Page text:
The majority of the research done on ADHD was conducted on young boys. There is hope that as the scientific community expands their understanding of this condition and how it presents differently across the lifespan and across genders, we’ll see less stigma from the public. Learning more about your own condition and having open conversations may help you combat some of this stigma. You can always be proud of the fact that you are here learning, growing and discovering how to advocate for yourself and others who face daily challenges due to ADHD. We’re here with you. 

    Is ADHD considered a disability in Canada?

    ADHD is considered a disability in Canada. As such, with ADHD you have the right to be protected from discrimination or unfair treatment because of your ADHD. You also have the right to seek accommodations that can help you succeed despite your challenges. When ADHD symptoms are severe enough, you may even be eligible for certain disability benefits. 

    Medical recognition

    Medical recognition is important in order to seek out any disability benefits or accommodations. If your ADHD diagnosis is from childhood, you’ll likely need to get reassessed. In many instances, you may just need a letter of documentation from a medical doctor or registered psychologist confirming your disability. Sometimes, disability accommodations or benefits applications require specific forms or detailed reports. Your detailed assessment may include:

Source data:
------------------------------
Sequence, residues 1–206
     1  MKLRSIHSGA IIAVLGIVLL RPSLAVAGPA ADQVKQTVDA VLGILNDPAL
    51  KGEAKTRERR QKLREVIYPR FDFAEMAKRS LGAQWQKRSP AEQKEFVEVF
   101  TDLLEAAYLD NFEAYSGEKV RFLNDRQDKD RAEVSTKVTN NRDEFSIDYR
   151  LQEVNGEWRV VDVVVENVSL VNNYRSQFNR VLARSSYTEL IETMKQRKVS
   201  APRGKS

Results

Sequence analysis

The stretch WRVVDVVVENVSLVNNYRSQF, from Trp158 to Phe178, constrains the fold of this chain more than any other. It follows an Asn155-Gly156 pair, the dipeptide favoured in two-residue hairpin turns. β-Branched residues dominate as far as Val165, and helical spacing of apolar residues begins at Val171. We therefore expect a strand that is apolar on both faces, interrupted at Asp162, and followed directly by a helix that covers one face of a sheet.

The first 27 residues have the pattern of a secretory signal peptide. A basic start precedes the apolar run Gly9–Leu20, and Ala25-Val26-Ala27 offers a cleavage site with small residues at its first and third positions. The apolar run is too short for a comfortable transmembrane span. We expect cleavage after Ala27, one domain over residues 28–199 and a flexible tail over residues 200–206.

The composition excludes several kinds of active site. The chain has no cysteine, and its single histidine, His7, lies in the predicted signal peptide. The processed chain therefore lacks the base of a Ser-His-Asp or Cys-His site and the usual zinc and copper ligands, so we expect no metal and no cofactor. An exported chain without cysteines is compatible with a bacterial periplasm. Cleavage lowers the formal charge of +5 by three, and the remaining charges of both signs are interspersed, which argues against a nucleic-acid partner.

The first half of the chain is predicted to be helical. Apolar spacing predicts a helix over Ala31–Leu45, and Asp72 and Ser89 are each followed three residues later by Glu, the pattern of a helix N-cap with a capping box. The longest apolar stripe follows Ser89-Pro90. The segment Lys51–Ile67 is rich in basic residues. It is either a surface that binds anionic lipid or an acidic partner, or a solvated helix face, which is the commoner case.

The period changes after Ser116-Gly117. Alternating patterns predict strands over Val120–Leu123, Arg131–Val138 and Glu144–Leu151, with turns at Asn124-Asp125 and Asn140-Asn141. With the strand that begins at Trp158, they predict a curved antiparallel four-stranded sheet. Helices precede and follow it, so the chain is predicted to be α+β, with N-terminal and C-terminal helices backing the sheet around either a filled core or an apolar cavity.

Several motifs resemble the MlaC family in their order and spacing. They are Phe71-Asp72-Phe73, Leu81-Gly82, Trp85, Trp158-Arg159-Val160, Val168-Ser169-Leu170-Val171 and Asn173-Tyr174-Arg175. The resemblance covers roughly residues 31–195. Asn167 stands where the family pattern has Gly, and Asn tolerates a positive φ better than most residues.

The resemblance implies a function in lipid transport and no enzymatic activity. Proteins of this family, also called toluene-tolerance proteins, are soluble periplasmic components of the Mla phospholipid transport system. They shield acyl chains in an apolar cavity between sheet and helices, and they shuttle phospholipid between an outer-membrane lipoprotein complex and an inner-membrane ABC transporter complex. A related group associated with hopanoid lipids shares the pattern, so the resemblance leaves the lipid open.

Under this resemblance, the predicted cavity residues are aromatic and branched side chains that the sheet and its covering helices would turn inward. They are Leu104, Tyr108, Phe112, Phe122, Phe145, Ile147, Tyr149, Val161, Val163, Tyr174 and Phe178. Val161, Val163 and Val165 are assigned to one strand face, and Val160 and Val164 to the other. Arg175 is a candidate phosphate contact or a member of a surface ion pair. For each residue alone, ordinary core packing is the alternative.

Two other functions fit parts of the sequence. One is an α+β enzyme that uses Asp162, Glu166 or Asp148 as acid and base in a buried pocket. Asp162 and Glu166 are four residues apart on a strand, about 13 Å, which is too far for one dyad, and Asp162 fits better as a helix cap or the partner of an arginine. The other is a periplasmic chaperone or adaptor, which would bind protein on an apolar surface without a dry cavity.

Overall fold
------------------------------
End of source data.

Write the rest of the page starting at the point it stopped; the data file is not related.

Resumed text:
• Identification that you have a disability that requires accommodation (you do not need to list the specific diagnosis);

    • A description of functional limitations;

    • An interpretative summary of any standardized test results if relevant;

    • A description of how you currently deal with your functional limitations;

    • Impact of treatment on your limitations; and

    • Type of accommodations requested and how they can benefit you.

    You can seek a diagnosis through a family physician’s referral to a psychiatrist, seek out an appointment at a private psychology clinic, or sign up on an online platform specializing in ADHD diagnosis and treatment such as Frida. Your healthcare provider can then provide you with the documentation you need. 

    Virtual clinics make ADHD diagnoses more accessible

    Feeling seen, heard and understood is essential in your journey to find the right treatment for your ADHD. Unfortunately, this is not the experience for many people currently seeking help with their adult ADHD. Between backlogs, high fees, and dismissals — thousands of people are living with untreated ADHD as they await care. 

    Virtual clinics like Frida offer a unique opportunity to gain access to affordable specialized ADHD care right at the comfort of your own home. Not only do you get to skip the waitlist, but you can save thousands of dollars by using virtual platforms. Here at Frida, we prioritize your unique needs and help you find the best treatment for you. Try our self-assessment tool today! 

    Legal recognition